This week’s Top 5 MN Music Videos
St. Paul Peterson – “Something in the Water”
Why is Minneapolis music so funky? Yes, Prince had something to do with it, but St. Paul Peterson was right there as the Minneapolis Sound was being created. The Twin Cities vet calls his new album Something in the Water “a greazy slice of blues funk.” He’s just dropped the video for the title track, which offers no explanation to the Cities’ unique aesthetic other than that’s just how it’s always been. Instead, he name-drops his fellow proprietors, as if to say, “go ask them.”
Jan 8th, 2019
St. Paul Peterson – “You Got 2 Love”
Jan St. Paul Peterson, who played with Prince and the Time, is here to prove that the Minneapolis Sound is still going strong with his new single, “You Got 2 Love.” The song seeks to unmoor people from their political and ideological hang-ups in hopes that love will be enough to unite this divided nation. It’s exactly the type of message Prince would’ve endorsed, and to have a musician so close to his legacy spreading it makes this all the more meaningful. A bevy of celebs, including Tom Arnold, Sinbad, and Fred Armisen, join Peterson in his plea for one love, one nation, one groove.
“The concert at zero degrees: From fDeluxe to Rae Sremmurd, Super Bowl LIVE hits a new low ”
Tearing through “High Fashion,” “The Screams of Passion,” and “Mutiny,” the family wound the clock right back to 1985, when the Minneapolis Sound was hot and fresh. It was a far cry from the (virtual) seaside setting of the “Screams of Passion” video, but that didn’t stop the band — with Melvoin resplendent in a fur coat and updo — from reminding their fans what they came for.
“Fans love Frampton's way, with guitar, at State Theatre ”
July 13th, 2016
A few thoughts about Peter Frampton’s concert Wednesday night at the packed State Theatre in Minneapolis:
Before the lights went dark, a recorded message from Frampton was played, telling fans to limit their photo and video taking to the first three songs – and thereafter no use of cellphones, not even for texting. Ushers actively enforced the policy during the rest of the evening.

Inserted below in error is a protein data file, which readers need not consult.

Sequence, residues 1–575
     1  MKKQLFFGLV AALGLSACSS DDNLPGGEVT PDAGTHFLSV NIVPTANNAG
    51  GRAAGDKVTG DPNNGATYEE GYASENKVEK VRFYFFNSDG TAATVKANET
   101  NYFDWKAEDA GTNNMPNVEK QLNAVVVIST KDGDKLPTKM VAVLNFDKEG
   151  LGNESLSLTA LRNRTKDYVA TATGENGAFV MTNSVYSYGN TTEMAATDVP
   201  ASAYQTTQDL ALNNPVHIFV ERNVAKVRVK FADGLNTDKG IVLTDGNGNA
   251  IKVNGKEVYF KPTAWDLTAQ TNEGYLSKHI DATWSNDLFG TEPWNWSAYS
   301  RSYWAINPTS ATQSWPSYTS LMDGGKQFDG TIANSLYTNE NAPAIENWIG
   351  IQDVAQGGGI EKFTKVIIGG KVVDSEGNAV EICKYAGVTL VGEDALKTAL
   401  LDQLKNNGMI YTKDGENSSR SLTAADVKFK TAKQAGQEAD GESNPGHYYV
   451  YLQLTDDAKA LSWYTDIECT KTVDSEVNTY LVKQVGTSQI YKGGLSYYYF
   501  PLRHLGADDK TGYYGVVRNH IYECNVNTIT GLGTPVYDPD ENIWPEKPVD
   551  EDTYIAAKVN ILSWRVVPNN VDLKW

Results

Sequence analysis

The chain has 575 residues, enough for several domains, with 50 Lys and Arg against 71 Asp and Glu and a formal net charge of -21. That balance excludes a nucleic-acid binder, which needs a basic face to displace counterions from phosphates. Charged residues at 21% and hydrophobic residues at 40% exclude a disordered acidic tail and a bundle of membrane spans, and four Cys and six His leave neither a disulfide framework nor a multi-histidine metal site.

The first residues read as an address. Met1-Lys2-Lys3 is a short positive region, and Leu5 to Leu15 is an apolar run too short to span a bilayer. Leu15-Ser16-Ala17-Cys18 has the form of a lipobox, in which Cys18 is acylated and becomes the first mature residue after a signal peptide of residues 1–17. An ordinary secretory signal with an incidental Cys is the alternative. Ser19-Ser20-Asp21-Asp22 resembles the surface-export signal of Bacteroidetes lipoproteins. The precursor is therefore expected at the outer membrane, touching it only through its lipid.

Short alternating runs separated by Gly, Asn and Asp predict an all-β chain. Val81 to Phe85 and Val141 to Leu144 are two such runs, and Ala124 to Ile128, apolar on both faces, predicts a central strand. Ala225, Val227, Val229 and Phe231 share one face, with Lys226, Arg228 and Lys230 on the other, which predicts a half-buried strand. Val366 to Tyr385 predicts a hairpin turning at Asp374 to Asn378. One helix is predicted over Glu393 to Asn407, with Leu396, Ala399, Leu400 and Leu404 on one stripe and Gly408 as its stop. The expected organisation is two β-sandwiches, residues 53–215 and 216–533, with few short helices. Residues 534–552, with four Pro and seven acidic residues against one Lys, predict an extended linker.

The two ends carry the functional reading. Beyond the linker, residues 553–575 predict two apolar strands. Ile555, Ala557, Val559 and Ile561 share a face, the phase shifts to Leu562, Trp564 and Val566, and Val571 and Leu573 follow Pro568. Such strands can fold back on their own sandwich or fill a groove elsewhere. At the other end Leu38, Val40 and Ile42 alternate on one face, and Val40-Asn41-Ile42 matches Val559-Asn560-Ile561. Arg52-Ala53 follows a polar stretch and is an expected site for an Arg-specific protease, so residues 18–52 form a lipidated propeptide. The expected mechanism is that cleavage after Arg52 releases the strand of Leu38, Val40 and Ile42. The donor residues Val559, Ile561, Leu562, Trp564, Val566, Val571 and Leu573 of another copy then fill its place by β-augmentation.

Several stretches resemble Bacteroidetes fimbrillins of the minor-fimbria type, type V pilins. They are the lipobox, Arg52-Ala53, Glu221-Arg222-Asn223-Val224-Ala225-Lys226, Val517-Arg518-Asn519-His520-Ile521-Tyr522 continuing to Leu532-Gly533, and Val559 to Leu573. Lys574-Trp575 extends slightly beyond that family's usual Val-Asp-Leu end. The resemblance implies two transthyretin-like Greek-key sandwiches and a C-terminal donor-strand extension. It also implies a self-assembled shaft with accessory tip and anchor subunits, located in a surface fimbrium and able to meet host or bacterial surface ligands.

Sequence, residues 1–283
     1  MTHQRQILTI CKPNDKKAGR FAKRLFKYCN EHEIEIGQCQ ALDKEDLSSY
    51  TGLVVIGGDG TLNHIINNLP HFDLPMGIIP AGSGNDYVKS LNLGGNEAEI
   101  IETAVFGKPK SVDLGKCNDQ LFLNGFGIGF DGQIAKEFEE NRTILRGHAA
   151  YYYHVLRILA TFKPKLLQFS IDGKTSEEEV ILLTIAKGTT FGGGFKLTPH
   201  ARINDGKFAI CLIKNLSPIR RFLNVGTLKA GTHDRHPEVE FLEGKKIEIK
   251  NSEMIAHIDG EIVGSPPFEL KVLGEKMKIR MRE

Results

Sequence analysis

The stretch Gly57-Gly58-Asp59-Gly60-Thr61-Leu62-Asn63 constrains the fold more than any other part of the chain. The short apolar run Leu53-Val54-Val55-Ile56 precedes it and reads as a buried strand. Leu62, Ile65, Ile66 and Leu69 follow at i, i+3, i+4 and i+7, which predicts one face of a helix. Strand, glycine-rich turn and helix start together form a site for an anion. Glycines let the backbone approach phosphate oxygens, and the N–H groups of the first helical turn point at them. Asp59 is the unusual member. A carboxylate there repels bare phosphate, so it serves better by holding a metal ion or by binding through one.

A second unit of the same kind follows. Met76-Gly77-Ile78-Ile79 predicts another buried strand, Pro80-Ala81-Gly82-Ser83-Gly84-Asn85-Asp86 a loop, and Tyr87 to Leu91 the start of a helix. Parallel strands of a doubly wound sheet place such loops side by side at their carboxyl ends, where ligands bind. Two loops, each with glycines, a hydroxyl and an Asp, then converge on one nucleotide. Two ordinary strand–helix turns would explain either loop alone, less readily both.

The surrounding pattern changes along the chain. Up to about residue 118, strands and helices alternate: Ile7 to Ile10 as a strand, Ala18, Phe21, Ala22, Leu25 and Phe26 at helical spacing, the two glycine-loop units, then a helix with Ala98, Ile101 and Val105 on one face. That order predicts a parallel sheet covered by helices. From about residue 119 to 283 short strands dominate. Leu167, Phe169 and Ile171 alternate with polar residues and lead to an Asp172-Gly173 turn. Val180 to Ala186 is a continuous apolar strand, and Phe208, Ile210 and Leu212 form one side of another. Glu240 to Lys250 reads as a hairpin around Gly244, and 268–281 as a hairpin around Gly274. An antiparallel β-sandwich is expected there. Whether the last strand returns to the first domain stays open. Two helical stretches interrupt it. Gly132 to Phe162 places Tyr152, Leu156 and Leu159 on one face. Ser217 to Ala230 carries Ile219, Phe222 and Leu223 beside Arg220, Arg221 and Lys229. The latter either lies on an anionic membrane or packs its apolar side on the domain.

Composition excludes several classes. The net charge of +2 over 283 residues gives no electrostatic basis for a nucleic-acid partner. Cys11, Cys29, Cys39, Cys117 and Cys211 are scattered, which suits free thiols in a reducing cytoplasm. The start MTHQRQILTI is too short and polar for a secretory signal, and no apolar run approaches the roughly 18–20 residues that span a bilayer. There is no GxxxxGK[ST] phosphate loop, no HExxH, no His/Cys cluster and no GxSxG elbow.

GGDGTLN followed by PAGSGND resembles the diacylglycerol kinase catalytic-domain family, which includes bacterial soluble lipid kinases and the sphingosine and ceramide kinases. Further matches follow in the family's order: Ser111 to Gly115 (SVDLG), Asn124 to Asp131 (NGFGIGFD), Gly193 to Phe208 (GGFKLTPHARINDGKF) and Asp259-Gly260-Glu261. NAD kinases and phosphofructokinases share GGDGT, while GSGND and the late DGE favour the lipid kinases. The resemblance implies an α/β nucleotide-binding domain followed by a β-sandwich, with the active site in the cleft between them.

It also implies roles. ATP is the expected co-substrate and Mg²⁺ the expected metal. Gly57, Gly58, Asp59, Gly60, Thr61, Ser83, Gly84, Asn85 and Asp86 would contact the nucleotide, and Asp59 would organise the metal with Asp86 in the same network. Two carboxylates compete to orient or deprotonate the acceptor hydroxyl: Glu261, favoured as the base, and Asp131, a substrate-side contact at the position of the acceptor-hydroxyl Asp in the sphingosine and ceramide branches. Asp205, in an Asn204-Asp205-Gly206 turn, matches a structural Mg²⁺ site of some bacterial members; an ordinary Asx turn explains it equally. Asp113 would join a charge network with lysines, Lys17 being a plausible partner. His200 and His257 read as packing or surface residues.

Frampton played a generous 2 1/2 hour set, which included an overlong five-song acoustic segment plus covers of Buddy Holly, Soundgarden and numbers associated with two of Frampton’s late pals, David Bowie’s “Rebel Rebel” and George Harrison’s “While My Guitar Gently Weeps.” He said not a word about Bowie, his old school mate, but told a story about Harrison, including doing a vocal impression of the late Beatle.
The cheery Frampton was chatty between songs, trying to be witty with a hint of sarcasm. However, as a guitarist, it was not about entertaining. It was about the music, with Frampton often facing his sidemen not the audience as he delivered fresh, largely improvised solos. He was clearly trying to communicate with his players – and let the fans come along for the ride.
The guitarist’s tone, technique and versatility were impressive. In the course of the evening, he played everything from flamenco and blues to jazz-rock fusion and hard rock. Frampton may not be the most emotional or soulful guitarist but he’s a master at building a solo to elevate the song.
Frampton’s guitar playing was more remarkable than his singing or songwriting. In fact, his guitar work could redeem a lesser song like “I Wanna Go to the Sun.”
He knows how to connect with his fans, whether by using a talk box on his big hits like “Do You Feel Like We Do,” throwing in an eloquent instrumental version of “Black Hole Sun” or getting couples to slow dance to “Baby I Love Your Way.”
Frampton’s four-man backup band featured two Minnesotans – keyboardist Rob Arthur, who has toured with Frampton for 11 years, and bass man Paul Peterson, whom Frampton called “one of the finest bassists ever.” The way Frampton interacted with his bandmates was alluring in a jazz ensemble sort of way. You could tell the bandleader was getting off while exchanging licks with guitarist Adam Lester or keyboardist Arthur.
The 66-year-old British hero was clearly in great spirits. He delivered 23 songs, compared to 18 numbers the night before in Mankato.
Highlights included the guitar-hero moment of “Black Hole Sun,” the hard-driving “Nassau” and the encore of the deeply felt “While My Guitar Gently Weeps.”
In case you weren’t aware, Frampton no longer has the fluffy curls that were his signature in his 1976 heyday. He joked about that. Judging by the enthusiasm of the 40- and 50-something women in the audience, it didn’t matter. They still love his way – with a guitar.